At first she thought someone had released a flock of birds into the room. The museum gallery whispered with the sound of wings and flight and she thought of the starlings wheeling through the flat Oklahoma sky, a solid flag of them waving in the currents of a wind. Was that seventy years ago? More?...
 
A child’s cry broke through. Mary, always keen to a child’s distress, turned towards the sound. And there, across the room, hung the familiar charcoal gray shapes of the image that shadowed her life….
 
The gallery had grown quieter and, for a moment, Mary was alone with the picture. She saw her reflection in the glass. There they were. Two women named Mary Coin. If they met on the street in the high heat of a summer’s afternoon, they would be polite in the old fashioned way to show they meant one another no harm. “Hello,” they would say in passing. “My, but isn’t it a wretched day?”

From the Publisher

*An NPR Best Book of 2013*
*A BBC Best Book of 2013*
 
In her first novel since The God of War, the critically acclaimed author Marisa Silver takes Dorothea Lange’s “Migrant Mother” photograph as inspiration for a breathtaking reinvention—a story of two women, one famous and one forgotten, and of the remarkable legacy of their chance encounter.

In 1936, a young mother resting by the side of a road in Central California is spontaneously photographed by a woman documenting the migrant laborers who have taken to America’s farms in search of work. Little personal information is exchanged, and neither woman has any way of knowing that they have produced what will become the most iconic image of the Great Depression.

Three vibrant characters anchor the narrative of Mary Coin. Mary, the migrant mother herself, who emerges as a woman with deep reserves of courage and nerve, with private passions and carefully-guarded secrets. Vera Dare, the photographer wrestling with creative ambition who makes the choice to leave her children in order to pursue her work. And Walker Dodge, a present-day professor of cultural history, who discovers a family mystery embedded in the picture. In luminous, exquisitely rendered prose, Silver creates an extraordinary tale from a brief moment in history, and reminds us that although a great photograph can capture the essence of a moment, it only scratches the surface of a life.

About the Author

Marisa Silver is the author of the novels The God of War (a Los Angeles Times Book Prize finalist) and No Direction Home; and two story collections, Alone With You and Babe in Paradise (a New York Times Notable Book and Los Angeles Times Best Book of the Year). She lives in Los Angeles.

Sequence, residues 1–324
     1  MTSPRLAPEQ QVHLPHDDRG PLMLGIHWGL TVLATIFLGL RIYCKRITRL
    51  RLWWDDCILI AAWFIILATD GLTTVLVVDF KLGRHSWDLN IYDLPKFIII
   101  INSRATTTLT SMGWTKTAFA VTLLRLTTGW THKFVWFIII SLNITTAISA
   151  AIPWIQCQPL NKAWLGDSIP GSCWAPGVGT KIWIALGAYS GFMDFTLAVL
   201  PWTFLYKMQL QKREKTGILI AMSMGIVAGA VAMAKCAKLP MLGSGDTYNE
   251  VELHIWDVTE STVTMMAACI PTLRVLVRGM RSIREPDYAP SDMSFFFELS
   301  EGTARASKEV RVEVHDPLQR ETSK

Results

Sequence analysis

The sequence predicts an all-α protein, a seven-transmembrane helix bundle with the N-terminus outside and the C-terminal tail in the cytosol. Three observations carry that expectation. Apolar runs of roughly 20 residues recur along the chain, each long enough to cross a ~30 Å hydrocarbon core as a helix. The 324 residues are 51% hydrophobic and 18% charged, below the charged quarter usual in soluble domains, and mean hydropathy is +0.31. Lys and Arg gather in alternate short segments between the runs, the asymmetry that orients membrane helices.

Editorial Reviews

A New York Times bestseller A Los Angeles Times bestseller “ Mary Coin  is quite simply one of the best novels I have read in years. ''You''ll know who you are when you start losing things,'' says one character, and the story burns  in this quietly emphatic way, only to erupt in moments of excruciating pain and beauty.  In her portrayal of a time in American history when survival was often a day-to-day thing, Silver drills down to the absolute essentials: family, love, loss, the perpetual uncertainty of life. Again and again I found myself wondering: How does she know that? Silver''s wisdom is rare, and her novel is the work of a master." —Ben Fountain, author of the 2012 National Book Award winner Billy Lynn’s Long Halftime Walk   “Marisa Silver renders the soul of an iconic image, giving it moving life. Mary Coin is a soaring work of imagination, dedication and history.” —Mona Simpson, author of My Hollywood and Anywhere But Here   “An extraordinarily compassionate and wise novel,  Mary Coin  imagines the life of Dorothea Lange''s iconic "Migrant Mother." What emerges, in Silver''s nuanced, resonant telling, is a poignant exploration of a single life that touches many others, and a powerful, moving portrait of America during the Great Depression. Silver is one of those preternaturally gifted writers who can with the lightest of touches make the reader enter a world that feels as full